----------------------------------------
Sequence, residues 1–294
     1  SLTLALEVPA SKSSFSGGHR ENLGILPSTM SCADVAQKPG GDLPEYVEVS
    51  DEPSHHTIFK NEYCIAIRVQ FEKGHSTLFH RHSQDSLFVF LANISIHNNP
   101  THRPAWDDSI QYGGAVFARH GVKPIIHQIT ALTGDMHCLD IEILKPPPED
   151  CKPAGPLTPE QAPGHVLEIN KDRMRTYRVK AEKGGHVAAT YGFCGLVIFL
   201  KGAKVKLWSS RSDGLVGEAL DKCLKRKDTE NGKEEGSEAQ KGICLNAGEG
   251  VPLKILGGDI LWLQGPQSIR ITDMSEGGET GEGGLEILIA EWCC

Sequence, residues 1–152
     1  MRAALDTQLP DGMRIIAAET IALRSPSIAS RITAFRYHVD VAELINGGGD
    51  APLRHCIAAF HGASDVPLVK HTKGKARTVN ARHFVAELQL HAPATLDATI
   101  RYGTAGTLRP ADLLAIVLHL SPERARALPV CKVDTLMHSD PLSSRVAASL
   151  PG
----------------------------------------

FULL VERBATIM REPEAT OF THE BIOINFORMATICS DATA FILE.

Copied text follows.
Sequence, residues 1–294
     1  SLTLALEVPA SKSSFSGGHR ENLGILPSTM SCADVAQKPG GDLPEYVEVS
    51  DEPSHHTIFK NEYCIAIRVQ FEKGHSTLFH RHSQDSLFVF LANISIHNNP
   101  THRPAWDDSI QYGGAVFARH GVKPIIHQIT ALTGDMHCLD IEILKPPPED
   151  CKPAGPLTPE QAPGHVLEIN KDRMRTYRVK AEKGGHVAAT YGFCGLVIFL
   201  KGAKVKLWSS RSDGLVGEAL DKCLKRKDTE NGKEEGSEAQ KGICLNAGEG
   251  VPLKILGGDI LWLQGPQSIR ITDMSEGGET GEGGLEILIA EWCC

Sequence, residues 1–152
     1  MRAALDTQLP DGMRIIAAET IALRSPSIAS RITAFRYHVD VAELINGGGD
    51  APLRHCIAAF HGASDVPLVK HTKGKARTVN ARHFVAELQL HAPATLDATI
   101  RYGTAGTLRP ADLLAIVLHL SPERARALPV CKVDTLMHSD PLSSRVAASL
   151  PG